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Almost half of U.S. governors ask Joe Biden to cut student loan forgiveness plan

Darron Cummings, AP
Students walk to and from classes on the Indiana University campus, Thursday, Oct. 14, 2021, in Bloomington, Ind. Indiana will tax student debt relief as income, reflecting similar policies in other U.S. states following the Biden administration's announcement of a forgiveness plan in August 2022.

Nearly half of the country's governors have signed off on a letter to President Joe Biden asking him to withdraw his student loan forgiveness plan that would cancel up to $20,000 for federal aid borrowers.

"As governors, we support making higher education more affordable and accessible for students in our states, but we fundamentally oppose your plan to force American taxpayers to pay off the student loan debt of an elite few..." the governors said in a letterdated Monday.

The governors, all Republicans, argue that the lowest income Americans will be paying the debts of doctors, lawyers and professors "with the most debt, such as $50,000 or more..."

Though, Biden's plan caps relief at $20,000 for those who received Pell grants – awarded to low-income students – and $10,000 for students who did not get Pell grants in college. Additionally, individuals who make more than $125,000 are not eligible for the one-time relief.

"College may not be the right decision for every American, but for the students who took out loans, it was their decision: able adults and willing borrowers who knowingly agreed to the terms of the loan and consented to taking on debt in exchange for taking classes," the letter states. "A high-cost degree is not the key to unlocking the American Dream—hard work and personal responsibility is."

It further argues that it is unfair to those who previously already paid off their student loans.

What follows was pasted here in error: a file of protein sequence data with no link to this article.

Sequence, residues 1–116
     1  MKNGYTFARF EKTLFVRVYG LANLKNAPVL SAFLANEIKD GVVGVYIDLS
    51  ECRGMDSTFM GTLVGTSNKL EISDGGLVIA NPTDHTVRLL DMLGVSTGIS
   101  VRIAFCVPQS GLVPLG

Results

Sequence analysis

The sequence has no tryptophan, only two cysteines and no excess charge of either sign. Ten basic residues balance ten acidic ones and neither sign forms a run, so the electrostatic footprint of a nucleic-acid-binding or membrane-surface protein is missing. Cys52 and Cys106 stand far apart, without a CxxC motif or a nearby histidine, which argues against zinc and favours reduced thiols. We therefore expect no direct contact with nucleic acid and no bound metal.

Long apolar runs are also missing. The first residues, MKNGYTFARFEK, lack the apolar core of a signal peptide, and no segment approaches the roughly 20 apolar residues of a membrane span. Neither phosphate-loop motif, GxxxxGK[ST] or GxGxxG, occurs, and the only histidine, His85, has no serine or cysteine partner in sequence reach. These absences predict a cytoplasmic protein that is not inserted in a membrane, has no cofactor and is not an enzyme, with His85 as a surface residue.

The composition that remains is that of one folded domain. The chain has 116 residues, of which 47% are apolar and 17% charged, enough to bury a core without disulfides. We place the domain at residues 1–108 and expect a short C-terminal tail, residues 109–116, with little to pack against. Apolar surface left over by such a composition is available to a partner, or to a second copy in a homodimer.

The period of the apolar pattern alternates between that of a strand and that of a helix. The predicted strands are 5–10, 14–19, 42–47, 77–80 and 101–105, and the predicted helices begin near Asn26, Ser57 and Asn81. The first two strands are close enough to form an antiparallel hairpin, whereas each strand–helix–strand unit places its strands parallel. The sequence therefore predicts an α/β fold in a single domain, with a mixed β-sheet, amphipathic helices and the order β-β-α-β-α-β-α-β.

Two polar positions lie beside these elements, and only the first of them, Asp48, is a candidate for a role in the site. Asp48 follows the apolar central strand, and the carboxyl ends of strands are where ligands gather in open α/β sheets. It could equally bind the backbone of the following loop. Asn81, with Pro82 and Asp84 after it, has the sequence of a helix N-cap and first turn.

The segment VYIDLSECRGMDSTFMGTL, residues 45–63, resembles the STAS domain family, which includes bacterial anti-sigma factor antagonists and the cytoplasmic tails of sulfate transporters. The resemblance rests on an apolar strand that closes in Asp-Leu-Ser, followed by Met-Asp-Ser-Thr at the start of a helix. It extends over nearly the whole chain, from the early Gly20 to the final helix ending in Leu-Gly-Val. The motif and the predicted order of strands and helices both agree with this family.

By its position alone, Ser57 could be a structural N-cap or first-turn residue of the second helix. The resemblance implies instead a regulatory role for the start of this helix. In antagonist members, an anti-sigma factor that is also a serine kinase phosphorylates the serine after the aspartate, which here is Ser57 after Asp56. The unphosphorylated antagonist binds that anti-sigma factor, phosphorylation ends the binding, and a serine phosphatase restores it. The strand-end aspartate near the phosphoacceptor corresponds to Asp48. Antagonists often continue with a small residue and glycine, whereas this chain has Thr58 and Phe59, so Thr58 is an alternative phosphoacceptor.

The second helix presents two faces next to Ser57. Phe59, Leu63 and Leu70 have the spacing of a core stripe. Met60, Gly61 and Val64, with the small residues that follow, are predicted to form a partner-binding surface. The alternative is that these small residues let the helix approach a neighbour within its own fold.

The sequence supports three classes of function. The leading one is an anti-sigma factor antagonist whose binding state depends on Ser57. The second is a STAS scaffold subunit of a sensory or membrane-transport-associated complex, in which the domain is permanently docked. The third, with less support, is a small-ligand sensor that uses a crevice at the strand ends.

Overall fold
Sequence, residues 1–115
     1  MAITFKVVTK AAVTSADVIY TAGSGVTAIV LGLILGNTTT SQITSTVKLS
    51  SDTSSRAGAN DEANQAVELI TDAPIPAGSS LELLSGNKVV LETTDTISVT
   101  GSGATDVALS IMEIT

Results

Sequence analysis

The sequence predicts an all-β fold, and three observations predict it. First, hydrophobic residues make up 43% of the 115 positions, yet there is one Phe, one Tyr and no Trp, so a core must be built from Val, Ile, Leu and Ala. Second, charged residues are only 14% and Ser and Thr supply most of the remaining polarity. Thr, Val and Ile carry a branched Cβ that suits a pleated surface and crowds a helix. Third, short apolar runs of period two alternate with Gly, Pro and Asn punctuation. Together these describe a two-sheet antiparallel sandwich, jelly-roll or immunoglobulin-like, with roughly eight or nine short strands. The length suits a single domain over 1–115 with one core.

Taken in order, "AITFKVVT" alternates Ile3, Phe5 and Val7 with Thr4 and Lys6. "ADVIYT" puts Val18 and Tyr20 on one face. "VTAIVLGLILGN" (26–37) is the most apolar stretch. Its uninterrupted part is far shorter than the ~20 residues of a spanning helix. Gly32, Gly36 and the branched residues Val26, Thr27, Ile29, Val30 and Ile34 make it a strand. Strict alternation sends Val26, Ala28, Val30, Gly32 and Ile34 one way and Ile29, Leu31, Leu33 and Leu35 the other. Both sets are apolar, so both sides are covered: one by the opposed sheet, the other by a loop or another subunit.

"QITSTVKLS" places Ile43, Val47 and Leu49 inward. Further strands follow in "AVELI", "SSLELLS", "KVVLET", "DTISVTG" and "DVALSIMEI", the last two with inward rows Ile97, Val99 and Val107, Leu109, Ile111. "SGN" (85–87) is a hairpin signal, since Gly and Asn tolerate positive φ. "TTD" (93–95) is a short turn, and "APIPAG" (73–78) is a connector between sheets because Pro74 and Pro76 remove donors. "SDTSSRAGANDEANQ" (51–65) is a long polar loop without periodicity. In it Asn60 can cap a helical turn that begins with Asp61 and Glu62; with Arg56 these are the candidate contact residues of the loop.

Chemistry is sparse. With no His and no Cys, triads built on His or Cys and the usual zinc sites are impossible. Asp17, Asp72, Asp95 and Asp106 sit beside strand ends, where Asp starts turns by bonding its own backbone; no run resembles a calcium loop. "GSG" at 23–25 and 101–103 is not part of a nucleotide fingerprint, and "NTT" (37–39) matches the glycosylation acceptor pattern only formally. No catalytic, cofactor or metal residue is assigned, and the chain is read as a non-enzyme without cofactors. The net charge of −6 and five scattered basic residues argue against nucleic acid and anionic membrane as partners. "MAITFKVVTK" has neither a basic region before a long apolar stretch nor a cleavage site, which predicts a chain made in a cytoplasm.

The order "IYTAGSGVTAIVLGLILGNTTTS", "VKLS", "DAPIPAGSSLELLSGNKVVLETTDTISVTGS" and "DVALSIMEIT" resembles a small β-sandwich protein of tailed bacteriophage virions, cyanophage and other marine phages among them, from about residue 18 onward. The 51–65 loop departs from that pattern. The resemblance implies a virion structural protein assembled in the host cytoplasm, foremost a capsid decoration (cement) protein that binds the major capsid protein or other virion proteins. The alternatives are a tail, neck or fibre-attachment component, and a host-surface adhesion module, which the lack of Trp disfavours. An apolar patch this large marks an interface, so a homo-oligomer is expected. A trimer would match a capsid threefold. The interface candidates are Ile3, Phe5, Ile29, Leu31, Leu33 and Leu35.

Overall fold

The governors also expressed concern that the forgiveness plan could encourage higher education institutions to drive up their costs, and therefore worsen inflation.

"Rather than addressing the rising cost of tuition for higher education or working to lower interest rates for student loans, your plan kicks the can down the road and makes today's problems worse for tomorrow's students."

U.S. Secretary of Education Miguel Cardona told NPR in August the forgiveness plan was birthed largely from a way to undo the adverse effects of the COVID-19 pandemic and will boost the economy as a result.

"Everyone knows someone that's struggling post pandemic," he said. "And, you know, if we help folks in the communities so that they - reduce the chances of them going into default, everybody wins. It helps the economy."

The letter is signed by 22 Republican governors, including:

  • Kim Reynolds, Iowa
  • Doug Ducey, Arizona
  • Brian Kemp, Georgia
  • Mike Parson, Missouri
  • Chris Sununu, New Hampshire
  • Kevin Stitt, Oklahoma
  • Bill Lee, Tennessee
  • Mark Gordon, Wyoming
  • Kay Ivey, Alabama
  • Asa Hutchinson, Arkansas
  • Brad Little, Idaho
  • Greg Gianforte, Montana
  • Doug Burgum, North Dakota
  • Henry McMaster, South Carolina
  • Greg Abbott, Texas
  • Mike Dunleavy, Alaska
  • Ron DeSantis, Florida
  • Larry Hogan, Maryland
  • Pete Ricketts, Nebraska
  • Mike DeWine, Ohio
  • Kristi Noem, South Dakota
  • Spencer Cox, Utah

The governors are also challenging Biden's power to go through with the plan, saying "As president, you lack the authority to wield unilateral action to usher in a sweeping student loan cancellation plan."

In seven states, the forgiveness payments could be taxed as income.
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